Measuring right

As long as I can remember, I have always had a problem with the concept of isolated yield. I mentioned this in the past, and I will say it again: this fuzzy metric is driving me insane. Isolated? By whom? By a first year undergraduate student or by a postdoc? We work at educational institutions and there is a lot to be said about how students grow in confidence and experience. This always has a direct effect on their technique.

The point is, there are subjective and objective metrics in science. While isolated yields are clearly subjective in nature (there is a real person behind the number), conversion and selectivity (I primarily refer to chemoselectivity here) are parameters that exist irrespective of our meddling with reactions. Personally, I am in favour of not considering anything subjective when it comes to process control and optimization. This means that our students need to have a good grasp of monitoring reaction selectivity. If you multiply selectivity by conversion, you get assay yield, which is just perfect as it decouples us from our inadequacies and focuses on what’s of interest to anyone who wants to read our papers – I refer to what actually happens in our reactions. There are many analytical tools available to our students and I want to focus on one of them tonight: GC and its use in catalysis. Choosing the right internal standard is the first step: one needs to ensure that the corresponding molecule is not being chewed up while the reaction of interest is taking place. Once you have the right internal standard figured out, there is a tendency to assume that things should be fairly straightforward. Not so fast. Here is a great paper we discussed at our group meeting earlier today. When I visited the UK a number of years ago, I became aware of this short, yet highly educational piece by Professor Fairlamb. The central message is simple: the fact that you have a nice GC vial containing a mini-worked-up aliquot does not mean that the reaction has stopped. This paper emphatically demonstrates that colloidal palladium cannot be seen by a naked eye, and that no matter how clear your vial is, your analysis might be in jeopardy. I love Figure 1: you can clearly see that the Sonogashira reaction still goes on in the GC vial as you wait for your sample to be processed. I wonder how many other reactions display this behavior during analysis…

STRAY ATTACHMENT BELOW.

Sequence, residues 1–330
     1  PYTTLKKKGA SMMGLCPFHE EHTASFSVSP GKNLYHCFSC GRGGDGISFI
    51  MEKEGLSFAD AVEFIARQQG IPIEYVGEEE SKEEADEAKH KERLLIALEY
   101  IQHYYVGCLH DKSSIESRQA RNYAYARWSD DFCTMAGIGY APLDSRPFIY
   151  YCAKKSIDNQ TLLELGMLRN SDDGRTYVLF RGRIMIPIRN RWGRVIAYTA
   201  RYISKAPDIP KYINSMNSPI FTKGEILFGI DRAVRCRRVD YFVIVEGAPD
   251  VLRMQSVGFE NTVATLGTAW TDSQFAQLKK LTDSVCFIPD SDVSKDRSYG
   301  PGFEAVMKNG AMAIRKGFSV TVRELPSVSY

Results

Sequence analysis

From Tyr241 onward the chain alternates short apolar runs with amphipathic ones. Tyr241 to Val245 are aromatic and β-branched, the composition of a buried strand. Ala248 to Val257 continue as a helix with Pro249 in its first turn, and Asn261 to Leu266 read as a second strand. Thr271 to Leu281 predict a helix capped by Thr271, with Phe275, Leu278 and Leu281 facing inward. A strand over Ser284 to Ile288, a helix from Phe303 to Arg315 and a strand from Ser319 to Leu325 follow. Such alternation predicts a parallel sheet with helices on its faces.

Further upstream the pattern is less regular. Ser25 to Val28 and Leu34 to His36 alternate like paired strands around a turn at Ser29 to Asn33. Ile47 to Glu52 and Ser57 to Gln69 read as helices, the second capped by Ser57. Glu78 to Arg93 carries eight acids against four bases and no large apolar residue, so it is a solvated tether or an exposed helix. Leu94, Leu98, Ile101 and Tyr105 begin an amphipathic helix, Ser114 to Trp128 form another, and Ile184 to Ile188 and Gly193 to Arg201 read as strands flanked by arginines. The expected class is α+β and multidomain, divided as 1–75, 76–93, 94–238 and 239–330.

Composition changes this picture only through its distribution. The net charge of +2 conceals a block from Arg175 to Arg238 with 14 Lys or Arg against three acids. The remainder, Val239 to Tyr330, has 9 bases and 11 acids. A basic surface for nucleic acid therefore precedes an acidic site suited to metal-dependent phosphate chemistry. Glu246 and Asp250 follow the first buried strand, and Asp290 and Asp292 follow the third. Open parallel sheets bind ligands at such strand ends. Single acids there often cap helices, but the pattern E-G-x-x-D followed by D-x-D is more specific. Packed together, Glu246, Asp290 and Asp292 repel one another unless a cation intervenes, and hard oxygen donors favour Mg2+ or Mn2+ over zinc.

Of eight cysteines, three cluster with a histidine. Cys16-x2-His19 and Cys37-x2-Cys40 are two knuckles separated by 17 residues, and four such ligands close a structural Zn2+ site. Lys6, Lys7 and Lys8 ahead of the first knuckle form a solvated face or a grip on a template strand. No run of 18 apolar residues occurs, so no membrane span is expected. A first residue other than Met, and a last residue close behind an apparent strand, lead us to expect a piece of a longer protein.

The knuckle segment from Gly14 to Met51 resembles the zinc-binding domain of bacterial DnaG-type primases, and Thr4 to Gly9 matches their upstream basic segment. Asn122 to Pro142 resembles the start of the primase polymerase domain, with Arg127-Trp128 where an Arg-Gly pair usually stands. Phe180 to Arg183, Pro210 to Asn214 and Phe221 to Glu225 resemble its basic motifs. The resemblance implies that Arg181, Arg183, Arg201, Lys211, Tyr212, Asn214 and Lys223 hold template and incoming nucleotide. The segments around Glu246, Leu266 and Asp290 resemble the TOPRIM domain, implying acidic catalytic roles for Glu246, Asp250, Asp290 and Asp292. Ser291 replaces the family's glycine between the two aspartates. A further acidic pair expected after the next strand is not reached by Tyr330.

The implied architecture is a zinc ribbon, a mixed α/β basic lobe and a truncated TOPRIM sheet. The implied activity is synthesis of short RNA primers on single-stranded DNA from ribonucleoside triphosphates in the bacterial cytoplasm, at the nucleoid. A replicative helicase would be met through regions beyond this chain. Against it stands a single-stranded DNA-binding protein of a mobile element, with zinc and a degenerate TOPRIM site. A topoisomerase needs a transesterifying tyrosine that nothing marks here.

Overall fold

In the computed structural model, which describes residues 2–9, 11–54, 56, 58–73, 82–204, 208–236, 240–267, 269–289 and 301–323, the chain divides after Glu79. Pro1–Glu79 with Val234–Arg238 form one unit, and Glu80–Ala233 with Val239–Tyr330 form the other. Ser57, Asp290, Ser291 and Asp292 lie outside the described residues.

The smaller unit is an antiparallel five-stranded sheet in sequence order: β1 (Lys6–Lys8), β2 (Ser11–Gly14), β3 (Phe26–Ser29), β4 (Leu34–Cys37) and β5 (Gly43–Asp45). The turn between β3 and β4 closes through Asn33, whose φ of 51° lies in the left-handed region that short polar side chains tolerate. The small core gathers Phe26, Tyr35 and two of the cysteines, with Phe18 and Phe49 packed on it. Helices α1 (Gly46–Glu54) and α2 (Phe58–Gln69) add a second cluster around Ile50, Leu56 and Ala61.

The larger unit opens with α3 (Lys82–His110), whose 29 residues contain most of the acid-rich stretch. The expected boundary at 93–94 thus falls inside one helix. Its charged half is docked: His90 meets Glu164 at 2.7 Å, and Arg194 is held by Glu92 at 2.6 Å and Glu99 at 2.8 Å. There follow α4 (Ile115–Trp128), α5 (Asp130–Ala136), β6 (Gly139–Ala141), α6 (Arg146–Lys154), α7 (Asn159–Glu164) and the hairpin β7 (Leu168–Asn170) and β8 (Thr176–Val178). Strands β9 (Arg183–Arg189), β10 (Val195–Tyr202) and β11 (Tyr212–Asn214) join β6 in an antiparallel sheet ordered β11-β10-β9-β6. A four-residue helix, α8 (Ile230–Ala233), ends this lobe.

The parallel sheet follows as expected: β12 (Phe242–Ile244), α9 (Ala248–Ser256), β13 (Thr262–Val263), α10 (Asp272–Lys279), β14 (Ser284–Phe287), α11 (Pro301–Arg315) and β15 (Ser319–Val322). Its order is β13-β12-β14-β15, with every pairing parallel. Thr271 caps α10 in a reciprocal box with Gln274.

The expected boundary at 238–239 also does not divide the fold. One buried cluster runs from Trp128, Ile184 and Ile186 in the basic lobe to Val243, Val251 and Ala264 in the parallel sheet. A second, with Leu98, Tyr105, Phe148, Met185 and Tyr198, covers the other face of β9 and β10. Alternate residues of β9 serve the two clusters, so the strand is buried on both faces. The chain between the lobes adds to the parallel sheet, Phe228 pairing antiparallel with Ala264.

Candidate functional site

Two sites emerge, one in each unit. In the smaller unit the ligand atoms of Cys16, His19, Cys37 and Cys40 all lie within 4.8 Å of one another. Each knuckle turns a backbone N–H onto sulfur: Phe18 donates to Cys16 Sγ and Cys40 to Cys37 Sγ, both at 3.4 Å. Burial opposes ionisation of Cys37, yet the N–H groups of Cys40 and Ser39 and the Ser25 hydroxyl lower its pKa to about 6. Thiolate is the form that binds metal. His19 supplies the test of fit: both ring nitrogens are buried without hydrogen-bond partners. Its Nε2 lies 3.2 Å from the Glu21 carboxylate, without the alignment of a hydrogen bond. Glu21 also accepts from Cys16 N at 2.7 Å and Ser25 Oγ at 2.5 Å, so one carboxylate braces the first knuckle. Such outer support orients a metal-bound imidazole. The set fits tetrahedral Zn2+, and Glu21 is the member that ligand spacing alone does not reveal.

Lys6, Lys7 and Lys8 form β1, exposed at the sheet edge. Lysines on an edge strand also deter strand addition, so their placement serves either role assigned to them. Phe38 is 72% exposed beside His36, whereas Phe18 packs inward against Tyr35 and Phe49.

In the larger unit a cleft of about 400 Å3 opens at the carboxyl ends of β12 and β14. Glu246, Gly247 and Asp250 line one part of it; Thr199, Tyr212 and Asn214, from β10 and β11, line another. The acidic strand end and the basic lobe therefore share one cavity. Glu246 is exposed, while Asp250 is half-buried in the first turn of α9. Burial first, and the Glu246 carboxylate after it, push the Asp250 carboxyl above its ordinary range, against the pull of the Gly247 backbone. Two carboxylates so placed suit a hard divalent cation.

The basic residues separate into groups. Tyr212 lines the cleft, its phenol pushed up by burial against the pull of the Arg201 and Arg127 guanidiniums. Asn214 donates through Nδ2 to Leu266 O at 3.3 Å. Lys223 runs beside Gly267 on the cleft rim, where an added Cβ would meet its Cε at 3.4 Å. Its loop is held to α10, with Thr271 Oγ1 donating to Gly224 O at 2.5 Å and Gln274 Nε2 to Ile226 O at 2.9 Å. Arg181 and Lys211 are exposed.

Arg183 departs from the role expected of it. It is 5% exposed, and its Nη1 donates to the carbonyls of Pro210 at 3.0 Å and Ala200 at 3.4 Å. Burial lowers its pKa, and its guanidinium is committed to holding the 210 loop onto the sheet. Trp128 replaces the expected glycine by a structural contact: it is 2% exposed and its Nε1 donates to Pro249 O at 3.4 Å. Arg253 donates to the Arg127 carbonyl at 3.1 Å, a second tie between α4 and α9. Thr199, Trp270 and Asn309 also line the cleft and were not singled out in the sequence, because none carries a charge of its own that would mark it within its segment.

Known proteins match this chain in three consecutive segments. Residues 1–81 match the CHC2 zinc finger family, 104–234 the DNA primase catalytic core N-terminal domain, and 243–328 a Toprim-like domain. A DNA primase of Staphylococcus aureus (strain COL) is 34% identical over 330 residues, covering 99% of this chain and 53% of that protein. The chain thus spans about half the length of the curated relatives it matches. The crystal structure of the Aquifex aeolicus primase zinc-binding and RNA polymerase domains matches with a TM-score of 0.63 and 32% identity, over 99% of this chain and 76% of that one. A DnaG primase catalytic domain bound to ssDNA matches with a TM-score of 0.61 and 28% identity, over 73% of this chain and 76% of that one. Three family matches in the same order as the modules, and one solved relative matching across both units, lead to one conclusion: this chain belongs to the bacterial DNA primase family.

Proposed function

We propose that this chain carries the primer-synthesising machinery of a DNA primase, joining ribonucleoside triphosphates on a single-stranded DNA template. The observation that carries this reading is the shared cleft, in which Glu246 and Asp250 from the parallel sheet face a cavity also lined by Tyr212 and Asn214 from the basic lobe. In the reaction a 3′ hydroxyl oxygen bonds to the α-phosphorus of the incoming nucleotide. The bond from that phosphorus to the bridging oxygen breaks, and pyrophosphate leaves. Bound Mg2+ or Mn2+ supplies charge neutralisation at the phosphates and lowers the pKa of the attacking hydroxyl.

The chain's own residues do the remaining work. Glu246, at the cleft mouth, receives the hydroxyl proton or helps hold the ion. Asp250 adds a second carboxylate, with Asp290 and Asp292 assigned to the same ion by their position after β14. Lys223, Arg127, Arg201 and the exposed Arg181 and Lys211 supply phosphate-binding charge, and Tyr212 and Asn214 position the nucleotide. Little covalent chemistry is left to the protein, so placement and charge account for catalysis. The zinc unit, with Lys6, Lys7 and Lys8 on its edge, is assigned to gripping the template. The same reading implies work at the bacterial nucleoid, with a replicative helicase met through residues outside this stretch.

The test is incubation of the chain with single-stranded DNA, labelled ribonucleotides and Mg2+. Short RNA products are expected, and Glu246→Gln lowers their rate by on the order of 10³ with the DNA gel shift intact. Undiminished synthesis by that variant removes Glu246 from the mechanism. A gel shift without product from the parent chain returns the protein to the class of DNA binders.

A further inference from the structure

4 thoughts on “Measuring right

  1. There is a similar, common problem with TLC-analyzing reactions performed at low temperatures: A good technique (a long TLC capillary inserted through a 16-gauge needle stuck through the septa under milld positive pressure of argon) prevents oxygen from getting into your sample, but it won’t prevent the reaction mix in the capillary from warming up before you spot it on the TLC… {Another tangentially related problem is analyzing heterogennous reactions (i.e. powdered KOH + 18-crown-6 in benzene, with a polar substrate, or tri-phasic phase transfer reactions) – a significant fraction of the starting material or product can be stuck in the inter-phase, on the surface of the solid or the glassware, so the sample of the reaction mix that you take is not really representative.}

    In cases like this (for kinetic study experiments) it is better to take fewer data-points, but run series of fully worked-up small scale experiments, set up in parallel, rather than trying to sample a reaction which cannot be easily quenched…

  2. It is also infuriating when somebody reports a 5% difference in isolated yield as “improved”, especially on the sub-millimolar scales typically used in methodology papers. That’s the difference in a lost drop while loading a column….

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